nep-cul New Economics Papers
on Cultural Economics
Issue of 2016‒07‒02
two papers chosen by
Roberto Zanola
Università degli Studi del Piemonte Orientale

  1. A Structural Model of Advertising Signaling and Social Learning: The Case of the Motion Picture Industry By Haiyan Liu
  2. Economists behaving badly: Publications in predatory journals By Wallace, Frederick; Perri, Timothy

  1. By: Haiyan Liu (Department of Economics, University of South Florida)
    Abstract: This paper empirically studies how social learning among consumers shapes ?firms' ?optimal strategies of using advertising to signal product quality. I present an equilibrium model that describes both consumers? and fi?rms' ?learning and decision-making under quality uncertainty. My model allows me to distinguish between two roles of informative advertising ?reaching consumers and signaling product quality. I apply the model to the U.S. motion picture theatrical market where advertising and social learning are two main factors for a new movie?'s success. The structural estimates imply that movie studios? signaling advertising only helps to reduce consumers'? uncertainty by less than 10 percent. Word-of-mouth is a much more efficient learning channel for consumers, reducing their uncertainty by more than 90 percent. I also ?find that around 27 percent of advertising spending for movies in my sample is used for signaling product quality, while 73 percent is used for reaching consumers. Studios? tendency to advertise more during the pre-release rather than the post-release weeks is explained to a large extent by the signaling purpose.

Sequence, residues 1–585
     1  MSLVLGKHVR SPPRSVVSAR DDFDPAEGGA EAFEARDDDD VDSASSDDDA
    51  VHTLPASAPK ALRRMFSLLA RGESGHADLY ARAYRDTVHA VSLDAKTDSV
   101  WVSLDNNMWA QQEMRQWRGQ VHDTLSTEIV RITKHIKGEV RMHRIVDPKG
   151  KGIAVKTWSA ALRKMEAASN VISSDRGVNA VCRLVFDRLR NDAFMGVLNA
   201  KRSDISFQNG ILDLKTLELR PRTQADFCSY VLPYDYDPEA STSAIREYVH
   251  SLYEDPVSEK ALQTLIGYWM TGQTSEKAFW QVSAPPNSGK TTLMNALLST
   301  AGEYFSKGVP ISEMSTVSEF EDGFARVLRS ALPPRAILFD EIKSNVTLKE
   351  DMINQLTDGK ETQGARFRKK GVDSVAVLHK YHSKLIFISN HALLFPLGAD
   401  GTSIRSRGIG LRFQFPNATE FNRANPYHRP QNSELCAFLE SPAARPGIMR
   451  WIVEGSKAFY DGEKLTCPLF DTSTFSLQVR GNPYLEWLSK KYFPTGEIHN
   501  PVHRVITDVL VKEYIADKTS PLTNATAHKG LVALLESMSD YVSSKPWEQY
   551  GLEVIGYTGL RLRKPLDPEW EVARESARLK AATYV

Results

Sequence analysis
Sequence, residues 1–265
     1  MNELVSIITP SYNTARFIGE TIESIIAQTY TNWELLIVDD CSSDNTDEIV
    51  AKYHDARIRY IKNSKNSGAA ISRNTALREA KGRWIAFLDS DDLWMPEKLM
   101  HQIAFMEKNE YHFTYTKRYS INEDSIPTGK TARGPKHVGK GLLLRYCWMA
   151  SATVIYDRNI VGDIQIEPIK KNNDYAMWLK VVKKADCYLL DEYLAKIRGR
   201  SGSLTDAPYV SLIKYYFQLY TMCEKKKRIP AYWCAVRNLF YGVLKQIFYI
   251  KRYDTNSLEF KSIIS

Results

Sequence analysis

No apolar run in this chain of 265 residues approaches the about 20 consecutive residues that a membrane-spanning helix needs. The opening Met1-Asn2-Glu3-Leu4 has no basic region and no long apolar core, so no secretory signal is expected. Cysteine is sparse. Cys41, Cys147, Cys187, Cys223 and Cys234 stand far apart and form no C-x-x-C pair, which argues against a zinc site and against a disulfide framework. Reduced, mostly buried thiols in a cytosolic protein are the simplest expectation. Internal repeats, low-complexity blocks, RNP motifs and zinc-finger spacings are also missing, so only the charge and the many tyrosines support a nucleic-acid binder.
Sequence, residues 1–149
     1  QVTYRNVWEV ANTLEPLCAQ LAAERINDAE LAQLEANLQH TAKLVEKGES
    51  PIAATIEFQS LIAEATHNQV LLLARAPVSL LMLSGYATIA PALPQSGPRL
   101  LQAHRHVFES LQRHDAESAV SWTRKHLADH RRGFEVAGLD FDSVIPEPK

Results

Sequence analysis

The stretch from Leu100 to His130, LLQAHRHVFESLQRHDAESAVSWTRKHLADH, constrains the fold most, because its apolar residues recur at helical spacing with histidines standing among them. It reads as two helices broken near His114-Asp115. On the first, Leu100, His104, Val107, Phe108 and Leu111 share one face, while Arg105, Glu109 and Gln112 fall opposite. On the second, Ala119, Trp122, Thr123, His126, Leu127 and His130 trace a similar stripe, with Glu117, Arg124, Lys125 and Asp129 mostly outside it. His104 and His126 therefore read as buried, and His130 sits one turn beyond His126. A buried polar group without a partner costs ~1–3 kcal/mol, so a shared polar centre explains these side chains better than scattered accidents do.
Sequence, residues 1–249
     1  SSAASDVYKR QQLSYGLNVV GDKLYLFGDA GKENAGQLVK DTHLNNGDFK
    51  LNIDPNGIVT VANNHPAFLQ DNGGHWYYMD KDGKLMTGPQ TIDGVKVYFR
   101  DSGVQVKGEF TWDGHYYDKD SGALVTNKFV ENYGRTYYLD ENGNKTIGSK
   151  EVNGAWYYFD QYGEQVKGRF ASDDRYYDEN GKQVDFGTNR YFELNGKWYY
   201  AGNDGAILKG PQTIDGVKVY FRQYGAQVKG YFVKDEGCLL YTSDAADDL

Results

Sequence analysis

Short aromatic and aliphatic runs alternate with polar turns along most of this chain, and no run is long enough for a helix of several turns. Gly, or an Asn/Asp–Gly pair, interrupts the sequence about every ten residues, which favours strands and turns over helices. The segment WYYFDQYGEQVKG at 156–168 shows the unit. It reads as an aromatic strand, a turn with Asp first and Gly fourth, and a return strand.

Keywords: Advertising, Signaling, Social Learning, Information, Motion Picture Industry
    JEL: D22 D82 D83 L15 L82 M37
    Date: 2016–02
  2. By: Wallace, Frederick; Perri, Timothy
    Abstract: The extent of publishing in predatory journals in economics is examined in this paper. A simple model of researcher behavior is presented to explore those factors motivating an economist or other academic to publish in predatory journals as defined by Beall (2015). Beall’s lists are then employed to identify predatory journals and publishers included in the Research Papers in Economics (RePEc) archives. Once identified, the affiliations of authors publishing in these outlets are determined in order to identify the characteristics of those publishing in such outlets. The geographic dispersion of authorship is widespread. A very small subset of authors is registered on RePEc. Slightly more than forty percent of registered authors who publish in predatory journals in the data set have six or fewer publications, and hence might be considered inexperienced. A surprising number of authors who are in the RePEc top 5% also published in predatory journals in 2015.
    Keywords: Predatory Publications, RePEc
    JEL: A10 I2 I20
    Date: 2016–06–01

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